Ethical Considerations Regarding the Use of AI in Higher Education

Artificial Intelligence (AI) represents a remarkable advancement in technology with the potential to significantly benefit higher education. AI tools, such as ChatGPT, can support educators and enhance student learning experiences by automating administrative tasks, providing personalized learning pathways, and facilitating access to a vast array of information. However, while the benefits of AI are numerous, there is increasing concern within academic circles about its ethical implications and the challenges it presents to traditional educational paradigms in business and engineering education.

If you’re a college student preparing for life in an A.I. world, you need to ask yourself: Which classes will give me the skills that machines will not replicate, making me more distinctly human? New York Times

Recent studies, including the work by Sullivan, Kelly, and Mclaughlan (2023), highlight these concerns in detail. Their research underscores significant issues related to academic integrity and student learning outcomes with the advent of generative AI tools like ChatGPT. They note that while these tools can aid learning, they also present substantial risks, particularly in terms of undermining the learning process and compromising the integrity of academic work.

Key Concerns Raised

The integration of AI tools like ChatGPT into higher education has brought about several significant concerns, primarily revolving around academic integrity, the quality of student learning, and broader ethical implications.

1. Academic Integrity Concerns:

One of the most pressing issues is the potential for AI to facilitate academic dishonesty. AI tools can generate essays, solve problems, and create presentations, often indistinguishable from student-generated work. This ease of use can lead students to rely on AI to complete their assignments, effectively bypassing the learning process. According to Sullivan, Kelly, and Mclaughlan (2023), there has been a noticeable increase in students submitting work produced by ChatGPT, yet these students struggle with verbal discussions or critical analyses of the same topics. This phenomenon undermines the authenticity of academic assessments and devalues educational qualifications.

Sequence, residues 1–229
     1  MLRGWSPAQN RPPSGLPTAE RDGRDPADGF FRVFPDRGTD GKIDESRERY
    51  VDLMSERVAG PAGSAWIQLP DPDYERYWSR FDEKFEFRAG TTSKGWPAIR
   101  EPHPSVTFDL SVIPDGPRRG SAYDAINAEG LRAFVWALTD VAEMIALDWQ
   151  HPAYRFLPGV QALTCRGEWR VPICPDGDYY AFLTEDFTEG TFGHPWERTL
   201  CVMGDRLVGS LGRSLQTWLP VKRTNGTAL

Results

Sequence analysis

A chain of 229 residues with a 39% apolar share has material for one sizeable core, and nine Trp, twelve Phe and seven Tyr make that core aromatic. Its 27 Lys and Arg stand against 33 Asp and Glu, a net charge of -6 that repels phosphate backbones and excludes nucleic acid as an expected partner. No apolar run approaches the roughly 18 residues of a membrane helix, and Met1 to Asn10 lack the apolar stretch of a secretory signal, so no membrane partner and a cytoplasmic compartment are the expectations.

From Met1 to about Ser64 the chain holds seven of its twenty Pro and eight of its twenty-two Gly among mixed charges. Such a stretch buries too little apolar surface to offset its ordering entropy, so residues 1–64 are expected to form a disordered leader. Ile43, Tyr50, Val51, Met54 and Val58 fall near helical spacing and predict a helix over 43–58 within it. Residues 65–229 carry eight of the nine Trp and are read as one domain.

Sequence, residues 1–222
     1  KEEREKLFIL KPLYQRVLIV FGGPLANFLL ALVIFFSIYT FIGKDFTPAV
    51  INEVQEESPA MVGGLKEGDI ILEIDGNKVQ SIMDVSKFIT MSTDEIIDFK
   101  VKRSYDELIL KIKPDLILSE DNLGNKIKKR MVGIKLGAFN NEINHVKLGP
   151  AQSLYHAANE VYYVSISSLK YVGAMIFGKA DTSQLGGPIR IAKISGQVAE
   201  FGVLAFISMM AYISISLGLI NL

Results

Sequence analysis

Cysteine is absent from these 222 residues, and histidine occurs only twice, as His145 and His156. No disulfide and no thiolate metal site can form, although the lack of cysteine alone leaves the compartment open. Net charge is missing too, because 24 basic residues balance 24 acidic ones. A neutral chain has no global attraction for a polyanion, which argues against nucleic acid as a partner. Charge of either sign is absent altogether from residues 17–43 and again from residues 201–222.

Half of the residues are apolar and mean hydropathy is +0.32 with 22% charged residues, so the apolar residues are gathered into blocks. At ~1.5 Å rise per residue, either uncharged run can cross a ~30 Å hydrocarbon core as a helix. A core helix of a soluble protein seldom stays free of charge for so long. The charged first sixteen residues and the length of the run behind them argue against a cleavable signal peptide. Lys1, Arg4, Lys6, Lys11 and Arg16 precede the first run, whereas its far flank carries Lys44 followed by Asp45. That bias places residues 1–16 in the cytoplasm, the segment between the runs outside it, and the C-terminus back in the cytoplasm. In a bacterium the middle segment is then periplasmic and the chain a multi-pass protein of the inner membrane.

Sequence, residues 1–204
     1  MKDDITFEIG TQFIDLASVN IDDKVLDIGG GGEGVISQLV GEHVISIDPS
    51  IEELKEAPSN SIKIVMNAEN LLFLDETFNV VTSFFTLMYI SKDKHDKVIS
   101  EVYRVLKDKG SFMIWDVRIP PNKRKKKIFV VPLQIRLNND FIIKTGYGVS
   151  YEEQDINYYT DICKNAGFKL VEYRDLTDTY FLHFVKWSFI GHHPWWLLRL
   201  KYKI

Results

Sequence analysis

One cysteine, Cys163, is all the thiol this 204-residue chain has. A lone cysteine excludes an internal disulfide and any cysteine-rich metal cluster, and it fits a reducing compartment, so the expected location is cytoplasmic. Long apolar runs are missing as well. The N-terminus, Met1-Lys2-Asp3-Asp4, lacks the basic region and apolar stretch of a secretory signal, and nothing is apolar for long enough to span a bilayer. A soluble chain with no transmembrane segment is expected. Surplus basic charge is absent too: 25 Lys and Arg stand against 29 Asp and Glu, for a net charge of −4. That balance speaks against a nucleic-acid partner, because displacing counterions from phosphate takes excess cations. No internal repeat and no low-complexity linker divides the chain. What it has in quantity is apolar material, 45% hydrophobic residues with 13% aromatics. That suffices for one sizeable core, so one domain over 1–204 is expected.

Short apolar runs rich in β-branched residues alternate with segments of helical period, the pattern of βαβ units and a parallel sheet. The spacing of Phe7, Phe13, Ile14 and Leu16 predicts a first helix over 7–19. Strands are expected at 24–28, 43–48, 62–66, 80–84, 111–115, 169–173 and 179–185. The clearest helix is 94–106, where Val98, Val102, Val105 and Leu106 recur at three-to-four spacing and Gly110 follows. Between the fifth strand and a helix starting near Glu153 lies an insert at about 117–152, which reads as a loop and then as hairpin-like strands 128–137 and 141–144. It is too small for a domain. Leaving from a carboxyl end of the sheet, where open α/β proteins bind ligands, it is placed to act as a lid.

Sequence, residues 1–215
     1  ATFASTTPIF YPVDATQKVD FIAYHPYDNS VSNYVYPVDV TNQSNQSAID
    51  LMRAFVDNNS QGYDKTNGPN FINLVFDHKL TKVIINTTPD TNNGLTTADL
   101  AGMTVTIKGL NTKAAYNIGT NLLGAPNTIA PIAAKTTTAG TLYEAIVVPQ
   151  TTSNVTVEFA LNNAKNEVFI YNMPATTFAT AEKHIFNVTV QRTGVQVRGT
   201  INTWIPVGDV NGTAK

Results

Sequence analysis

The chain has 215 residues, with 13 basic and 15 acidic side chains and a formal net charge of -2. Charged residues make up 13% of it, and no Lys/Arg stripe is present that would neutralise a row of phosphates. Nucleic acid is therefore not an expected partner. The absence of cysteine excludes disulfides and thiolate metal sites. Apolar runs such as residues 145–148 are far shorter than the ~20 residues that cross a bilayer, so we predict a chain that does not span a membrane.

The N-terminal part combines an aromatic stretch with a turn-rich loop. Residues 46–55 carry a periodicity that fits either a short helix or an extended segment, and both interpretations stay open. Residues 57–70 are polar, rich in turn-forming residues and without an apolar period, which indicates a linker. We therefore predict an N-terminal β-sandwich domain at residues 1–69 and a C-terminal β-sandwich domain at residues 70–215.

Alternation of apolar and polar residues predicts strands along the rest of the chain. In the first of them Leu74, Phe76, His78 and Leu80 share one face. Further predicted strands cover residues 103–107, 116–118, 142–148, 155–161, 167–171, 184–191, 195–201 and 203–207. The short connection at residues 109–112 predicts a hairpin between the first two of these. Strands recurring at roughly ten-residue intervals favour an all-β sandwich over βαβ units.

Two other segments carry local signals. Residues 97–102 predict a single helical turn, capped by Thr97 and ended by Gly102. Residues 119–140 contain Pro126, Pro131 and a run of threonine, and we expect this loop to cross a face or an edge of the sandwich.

2. Impact on Learning Outcomes:

AI’s ability to generate content quickly and accurately poses a threat to the learning process itself. As noted in Sullivan et al.’s study, there is a critical link between the act of writing and learning (Goodman, 2023). The cognitive effort involved in structuring an argument, synthesizing information, and reflecting on content is essential for deep learning. When students use AI to circumvent these processes, they miss out on the development of critical thinking and analytical skills. The concern here is that AI can make learning too easy, removing the struggle that is often necessary for true understanding and mastery of complex subjects (AI writing tools garner concern about academic integrity, education from faculty, 2023).

“The potential benefits of artificial intelligence are huge, so are the dangers.” (Dave Waters)

3. Quality and Reliability of AI-Generated Content:

Another significant concern is the quality and reliability of the output generated by AI tools. ChatGPT and similar AI systems can produce text that appears plausible but can contain factual inaccuracies, logical fallacies, and a lack of nuanced understanding (Chatbots ‘spell end to lessons at home’, 2023). Additionally, AI lacks the ability to form genuine opinions, think creatively, or critically evaluate its own outputs. These limitations can lead to students presenting erroneous information and can hinder the development of their critical evaluation skills.

4. Equity and Accessibility Issues:

The ethical implications of AI use extend to equity and accessibility. Not all students have equal access to advanced AI tools, potentially exacerbating existing inequalities in education. Students from disadvantaged backgrounds may not be able to afford the technology or may lack the necessary digital literacy to use it effectively. This creates a divide where some students can leverage AI to enhance their academic performance, while others are left behind.

5. Data Privacy and Security:

AI tools often require access to vast amounts of data, raising concerns about the privacy and security of student information. There is a risk that sensitive data could be mishandled or exposed, leading to potential breaches of privacy and trust (The Promise and Peril of ChatGPT in Higher Education, Park & Ahn, 2024).

6. Reduced Critical Thinking and Engagement:

The use of AI can lead to a passive learning experience where students become overly reliant on technology. This reliance can diminish opportunities for active learning, critical thinking, and problem-solving – skills that are crucial for academic and professional success. According to Rasul et al. (2024), the passive nature of AI-assisted learning contradicts the principles of constructivist learning theory, which emphasizes the importance of active engagement and social interactions in the learning process.